Half Moon Caye Natural Monument, Lighthouse Reef Atoll, Belize

Feb 22, 2018 - National Geographic Quest

Greetings from aboard the National Geographic Quest! Today was an exciting and breezy day. Winds were from the east for most of the day and although we did get a few short showers, they interspersed with sunny skies. The Bird Tower is a big favorite and today did not disappoint. 4000 red footed booby birds were estimated to live in this colony on the last census in Dec 2017. Four thousand! The downy babies that were closely guarded by one of the parents last week, have doubled in size and are now big enough to be left alone in the nest while both parents fly off to the surrounding Caribbean Sea to find food. In the background the constant clicking, clucking and numerous sounds from the male magnificent frigatebirds escalates momentarily as a female circles slowly scoping out the candidates. She leaves, unimpressed by their efforts and inflated bright red gular pouches. At the base of the tower, the sign draws the attention of the guests as they wait to take their turn on the observation platform. But it’s not what the sign says that they are looking at but instead, it’s what is crawling on the sign – a dark brown lizard. No, wait…it’s green, it’s changing color as we’re looking at it! Allison’s anole is a species of lizard endemic to Lighthouse Reef. Another bird seen today from the Bird Tower was a beautiful white-crowned pigeon. Birders and non-birders alike walked down from the observation platform smiling and fascinated by the sounds and sights seen in the branches of the ziricote trees in the littoral forest on Half Moon Caye.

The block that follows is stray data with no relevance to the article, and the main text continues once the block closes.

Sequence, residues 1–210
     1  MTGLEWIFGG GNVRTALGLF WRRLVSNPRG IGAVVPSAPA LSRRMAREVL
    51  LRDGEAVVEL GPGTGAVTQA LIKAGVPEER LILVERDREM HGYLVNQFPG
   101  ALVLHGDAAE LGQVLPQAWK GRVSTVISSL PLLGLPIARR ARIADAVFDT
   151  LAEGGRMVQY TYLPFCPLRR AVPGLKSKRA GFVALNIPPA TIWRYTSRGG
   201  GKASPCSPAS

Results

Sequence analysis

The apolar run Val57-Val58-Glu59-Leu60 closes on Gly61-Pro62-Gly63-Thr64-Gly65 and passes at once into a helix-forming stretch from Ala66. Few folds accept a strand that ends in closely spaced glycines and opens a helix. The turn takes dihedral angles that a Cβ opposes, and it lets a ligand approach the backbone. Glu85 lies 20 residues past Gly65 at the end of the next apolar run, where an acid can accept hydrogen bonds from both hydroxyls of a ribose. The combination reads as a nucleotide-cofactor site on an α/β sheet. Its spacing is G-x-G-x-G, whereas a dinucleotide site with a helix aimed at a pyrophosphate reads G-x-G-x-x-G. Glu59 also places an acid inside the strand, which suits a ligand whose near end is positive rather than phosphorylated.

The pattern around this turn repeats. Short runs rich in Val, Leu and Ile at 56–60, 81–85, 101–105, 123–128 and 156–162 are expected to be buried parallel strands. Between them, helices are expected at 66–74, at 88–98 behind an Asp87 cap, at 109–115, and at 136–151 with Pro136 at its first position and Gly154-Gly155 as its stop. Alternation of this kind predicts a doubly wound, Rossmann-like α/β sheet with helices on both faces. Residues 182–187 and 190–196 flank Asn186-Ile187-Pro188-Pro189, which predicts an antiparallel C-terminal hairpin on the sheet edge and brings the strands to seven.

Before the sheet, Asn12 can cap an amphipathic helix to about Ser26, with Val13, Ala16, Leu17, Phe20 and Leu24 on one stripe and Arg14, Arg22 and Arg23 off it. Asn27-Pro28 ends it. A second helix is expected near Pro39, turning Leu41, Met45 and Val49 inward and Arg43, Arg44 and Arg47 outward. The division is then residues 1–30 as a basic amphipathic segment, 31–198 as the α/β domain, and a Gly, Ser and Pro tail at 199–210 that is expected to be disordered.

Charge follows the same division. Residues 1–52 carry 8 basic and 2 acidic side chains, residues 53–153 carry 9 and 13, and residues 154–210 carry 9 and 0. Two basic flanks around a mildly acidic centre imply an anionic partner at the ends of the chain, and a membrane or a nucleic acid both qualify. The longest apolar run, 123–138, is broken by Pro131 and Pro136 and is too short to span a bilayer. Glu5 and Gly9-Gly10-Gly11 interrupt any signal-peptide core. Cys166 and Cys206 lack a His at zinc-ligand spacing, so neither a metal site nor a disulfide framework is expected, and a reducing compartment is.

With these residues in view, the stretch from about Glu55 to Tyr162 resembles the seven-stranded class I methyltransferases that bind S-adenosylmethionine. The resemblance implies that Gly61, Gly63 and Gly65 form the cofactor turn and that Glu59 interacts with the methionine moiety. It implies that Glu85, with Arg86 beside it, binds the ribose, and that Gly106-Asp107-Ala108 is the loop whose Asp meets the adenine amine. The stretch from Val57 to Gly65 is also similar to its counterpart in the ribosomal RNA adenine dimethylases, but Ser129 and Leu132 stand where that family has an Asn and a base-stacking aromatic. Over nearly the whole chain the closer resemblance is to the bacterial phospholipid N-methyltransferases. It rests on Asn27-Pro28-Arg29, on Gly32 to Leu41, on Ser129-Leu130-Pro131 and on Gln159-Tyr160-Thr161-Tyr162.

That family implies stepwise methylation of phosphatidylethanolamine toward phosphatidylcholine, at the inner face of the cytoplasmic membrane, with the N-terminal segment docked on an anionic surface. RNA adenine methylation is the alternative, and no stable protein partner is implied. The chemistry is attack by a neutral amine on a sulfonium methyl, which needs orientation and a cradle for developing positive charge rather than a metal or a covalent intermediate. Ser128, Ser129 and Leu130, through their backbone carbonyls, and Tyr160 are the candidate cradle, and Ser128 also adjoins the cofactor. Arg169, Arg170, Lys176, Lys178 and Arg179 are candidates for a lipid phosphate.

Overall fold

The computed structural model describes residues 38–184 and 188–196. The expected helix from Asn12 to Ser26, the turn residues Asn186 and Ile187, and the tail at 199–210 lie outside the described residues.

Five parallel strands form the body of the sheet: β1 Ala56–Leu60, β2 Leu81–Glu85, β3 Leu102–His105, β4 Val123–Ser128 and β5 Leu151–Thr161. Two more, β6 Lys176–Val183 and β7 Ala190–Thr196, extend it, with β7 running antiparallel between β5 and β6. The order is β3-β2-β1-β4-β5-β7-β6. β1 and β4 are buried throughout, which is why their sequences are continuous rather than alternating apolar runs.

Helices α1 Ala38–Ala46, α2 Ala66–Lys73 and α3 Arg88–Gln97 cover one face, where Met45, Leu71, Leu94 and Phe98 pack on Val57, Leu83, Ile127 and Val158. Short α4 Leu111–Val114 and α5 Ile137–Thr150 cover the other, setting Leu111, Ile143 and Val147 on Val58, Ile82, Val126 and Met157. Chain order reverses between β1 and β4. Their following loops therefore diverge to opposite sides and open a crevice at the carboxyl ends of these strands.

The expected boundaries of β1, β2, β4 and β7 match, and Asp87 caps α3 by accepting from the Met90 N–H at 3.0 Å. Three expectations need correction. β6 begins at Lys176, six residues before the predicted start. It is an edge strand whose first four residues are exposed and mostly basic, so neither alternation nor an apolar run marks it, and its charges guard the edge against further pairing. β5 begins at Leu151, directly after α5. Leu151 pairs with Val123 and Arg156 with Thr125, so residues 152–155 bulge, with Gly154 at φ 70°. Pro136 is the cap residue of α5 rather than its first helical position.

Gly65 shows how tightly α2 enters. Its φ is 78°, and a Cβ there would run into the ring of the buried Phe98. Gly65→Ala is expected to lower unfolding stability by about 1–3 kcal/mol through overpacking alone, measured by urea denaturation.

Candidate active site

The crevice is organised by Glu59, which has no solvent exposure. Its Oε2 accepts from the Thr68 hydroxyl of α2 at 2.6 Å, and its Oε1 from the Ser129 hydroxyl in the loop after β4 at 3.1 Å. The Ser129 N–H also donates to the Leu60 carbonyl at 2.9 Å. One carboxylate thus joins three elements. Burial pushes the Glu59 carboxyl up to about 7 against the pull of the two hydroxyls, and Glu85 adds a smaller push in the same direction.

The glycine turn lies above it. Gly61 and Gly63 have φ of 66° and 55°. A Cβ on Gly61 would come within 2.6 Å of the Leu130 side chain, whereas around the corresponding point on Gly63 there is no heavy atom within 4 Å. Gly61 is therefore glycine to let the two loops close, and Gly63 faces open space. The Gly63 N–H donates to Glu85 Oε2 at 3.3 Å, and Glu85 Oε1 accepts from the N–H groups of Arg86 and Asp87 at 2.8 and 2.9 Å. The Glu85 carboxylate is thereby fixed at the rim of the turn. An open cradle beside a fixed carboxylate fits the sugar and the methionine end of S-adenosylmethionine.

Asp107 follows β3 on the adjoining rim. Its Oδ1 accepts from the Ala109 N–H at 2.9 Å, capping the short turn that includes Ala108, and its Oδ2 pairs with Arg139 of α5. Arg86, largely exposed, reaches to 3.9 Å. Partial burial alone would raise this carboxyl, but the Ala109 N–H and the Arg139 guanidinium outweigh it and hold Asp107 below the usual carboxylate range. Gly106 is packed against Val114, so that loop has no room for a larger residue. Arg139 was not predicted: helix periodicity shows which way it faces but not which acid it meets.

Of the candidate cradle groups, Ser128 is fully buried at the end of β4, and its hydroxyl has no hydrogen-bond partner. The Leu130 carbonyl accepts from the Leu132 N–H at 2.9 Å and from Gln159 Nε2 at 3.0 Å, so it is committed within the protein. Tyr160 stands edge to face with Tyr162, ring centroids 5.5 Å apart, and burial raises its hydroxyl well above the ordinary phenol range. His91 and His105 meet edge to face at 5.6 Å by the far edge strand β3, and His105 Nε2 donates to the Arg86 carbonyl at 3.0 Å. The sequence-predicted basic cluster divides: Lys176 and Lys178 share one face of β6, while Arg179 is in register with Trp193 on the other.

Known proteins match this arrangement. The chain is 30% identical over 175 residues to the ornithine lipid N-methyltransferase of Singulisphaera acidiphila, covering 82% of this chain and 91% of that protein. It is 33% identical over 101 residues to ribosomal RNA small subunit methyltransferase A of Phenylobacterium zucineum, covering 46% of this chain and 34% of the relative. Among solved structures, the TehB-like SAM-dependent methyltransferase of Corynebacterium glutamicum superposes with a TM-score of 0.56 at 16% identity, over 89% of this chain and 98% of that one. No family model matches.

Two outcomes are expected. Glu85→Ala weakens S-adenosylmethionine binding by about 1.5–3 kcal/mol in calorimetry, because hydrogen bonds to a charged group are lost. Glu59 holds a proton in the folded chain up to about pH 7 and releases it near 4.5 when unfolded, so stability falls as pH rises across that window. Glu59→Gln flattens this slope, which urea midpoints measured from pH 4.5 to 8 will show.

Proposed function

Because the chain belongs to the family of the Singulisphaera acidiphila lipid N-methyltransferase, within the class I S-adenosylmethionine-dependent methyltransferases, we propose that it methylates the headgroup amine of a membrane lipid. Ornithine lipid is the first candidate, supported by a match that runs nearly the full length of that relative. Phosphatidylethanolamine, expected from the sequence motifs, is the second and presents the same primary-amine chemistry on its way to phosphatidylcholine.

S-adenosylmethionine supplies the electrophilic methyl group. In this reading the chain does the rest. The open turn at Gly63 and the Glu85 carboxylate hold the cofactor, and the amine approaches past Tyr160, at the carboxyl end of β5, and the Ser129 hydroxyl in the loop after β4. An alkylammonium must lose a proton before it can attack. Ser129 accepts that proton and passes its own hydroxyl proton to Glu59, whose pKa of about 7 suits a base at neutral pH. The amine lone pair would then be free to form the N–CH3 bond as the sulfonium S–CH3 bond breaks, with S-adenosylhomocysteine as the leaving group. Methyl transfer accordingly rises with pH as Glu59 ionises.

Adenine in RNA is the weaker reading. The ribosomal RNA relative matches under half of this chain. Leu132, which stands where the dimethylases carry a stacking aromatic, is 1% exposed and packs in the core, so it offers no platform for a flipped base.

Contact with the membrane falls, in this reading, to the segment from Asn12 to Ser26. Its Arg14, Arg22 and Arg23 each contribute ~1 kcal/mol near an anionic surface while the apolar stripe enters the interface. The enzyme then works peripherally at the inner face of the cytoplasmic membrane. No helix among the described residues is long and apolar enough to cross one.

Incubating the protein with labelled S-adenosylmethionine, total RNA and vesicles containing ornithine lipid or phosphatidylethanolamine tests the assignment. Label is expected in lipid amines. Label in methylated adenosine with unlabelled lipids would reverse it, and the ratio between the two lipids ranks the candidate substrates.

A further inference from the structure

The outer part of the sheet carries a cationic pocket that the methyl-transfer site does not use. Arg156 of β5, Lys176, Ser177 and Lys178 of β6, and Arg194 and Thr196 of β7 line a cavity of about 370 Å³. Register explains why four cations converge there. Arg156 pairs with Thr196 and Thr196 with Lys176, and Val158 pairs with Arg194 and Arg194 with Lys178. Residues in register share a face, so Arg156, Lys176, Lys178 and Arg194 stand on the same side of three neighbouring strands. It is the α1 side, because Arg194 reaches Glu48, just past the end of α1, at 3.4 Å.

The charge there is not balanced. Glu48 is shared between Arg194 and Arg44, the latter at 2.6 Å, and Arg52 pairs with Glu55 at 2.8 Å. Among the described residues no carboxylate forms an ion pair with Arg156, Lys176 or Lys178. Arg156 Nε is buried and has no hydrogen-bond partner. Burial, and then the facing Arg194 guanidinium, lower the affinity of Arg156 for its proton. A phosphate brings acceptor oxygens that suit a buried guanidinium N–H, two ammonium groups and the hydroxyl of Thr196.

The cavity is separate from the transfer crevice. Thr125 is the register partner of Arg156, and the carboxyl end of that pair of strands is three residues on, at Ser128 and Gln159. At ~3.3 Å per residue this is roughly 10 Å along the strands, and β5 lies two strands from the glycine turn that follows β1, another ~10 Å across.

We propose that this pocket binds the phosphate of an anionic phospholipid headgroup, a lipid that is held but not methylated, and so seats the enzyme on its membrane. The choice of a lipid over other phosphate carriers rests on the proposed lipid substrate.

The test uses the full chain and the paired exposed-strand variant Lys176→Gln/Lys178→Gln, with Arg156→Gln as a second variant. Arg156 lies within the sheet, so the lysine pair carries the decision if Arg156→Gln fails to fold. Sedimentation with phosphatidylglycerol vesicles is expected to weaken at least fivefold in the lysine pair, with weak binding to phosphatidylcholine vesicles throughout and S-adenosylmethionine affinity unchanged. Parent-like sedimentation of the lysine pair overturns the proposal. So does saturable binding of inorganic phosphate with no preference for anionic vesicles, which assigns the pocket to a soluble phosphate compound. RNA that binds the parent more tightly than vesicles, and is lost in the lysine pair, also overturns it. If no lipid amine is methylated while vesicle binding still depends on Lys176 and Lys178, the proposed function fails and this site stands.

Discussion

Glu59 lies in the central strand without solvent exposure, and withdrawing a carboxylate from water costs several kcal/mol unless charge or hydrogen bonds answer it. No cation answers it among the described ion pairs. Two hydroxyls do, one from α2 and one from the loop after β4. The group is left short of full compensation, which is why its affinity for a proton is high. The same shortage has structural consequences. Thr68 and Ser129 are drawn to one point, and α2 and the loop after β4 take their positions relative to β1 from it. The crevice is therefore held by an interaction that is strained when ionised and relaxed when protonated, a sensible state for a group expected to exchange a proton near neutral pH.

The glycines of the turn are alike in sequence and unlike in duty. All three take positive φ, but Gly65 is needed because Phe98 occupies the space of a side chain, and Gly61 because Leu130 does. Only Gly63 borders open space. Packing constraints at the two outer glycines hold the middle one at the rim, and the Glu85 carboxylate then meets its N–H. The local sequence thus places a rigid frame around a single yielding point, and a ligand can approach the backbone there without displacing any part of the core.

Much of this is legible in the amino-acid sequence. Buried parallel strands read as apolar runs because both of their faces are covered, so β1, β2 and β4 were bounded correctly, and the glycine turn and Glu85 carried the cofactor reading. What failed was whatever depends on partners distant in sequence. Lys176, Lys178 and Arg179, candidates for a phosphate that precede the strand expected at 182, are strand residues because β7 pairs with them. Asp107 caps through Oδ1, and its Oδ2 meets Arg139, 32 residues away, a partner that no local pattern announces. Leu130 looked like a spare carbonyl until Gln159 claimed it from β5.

At the other end of the island, on the east side and just behind the protection of the reef crest, the snorkelers were also seeing wonderful things. The favorites were the very colorful parrotfish – stoplight, princess, redfin, yellowtail and queen!  Like swimming in an aquarium!

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About the Author

Luz Hunter

Cultural Specialist

Luz was born and raised in Belize City along with two brothers and six sisters. As a child she always felt the need to protect animals, both wild and domestic. Alternating summers between grandparents on the cayes and in the bush brought her very close to nature and she soon realized that the hardest part of going back to school was sitting down…indoors. One thing led to another and by 1980, Luz was “guiding” people around the reefs near Ambergris Caye and Lighthouse Reef. 

About the Photographer

José Calvo

Naturalist/Certified Photo Instructor

Nicknamed “Indio” (Indian) because of his powers of observation and quiet nature, José has almost two decades of experience working as a naturalist and photography guide; as well as being recognized as an expert birder and nature photographer in Costa Rica. Costa Rica is rich in biodiversity — over 893 bird species have been recorded in the country. Since very young José spent all of his free time in the outdoors in the forest, where he soon fell in love with the birds. He particularly enjoys listening to their calls, and watching their behavior. Oddly enough, another one of Jose’s passions is science and technology, and because of this, he was among the first in Costa Rica to experiment with digital photography. As the technology quickly improved so did his love for it.  He truly believes that nature photography is the perfect combination of both of his passions.

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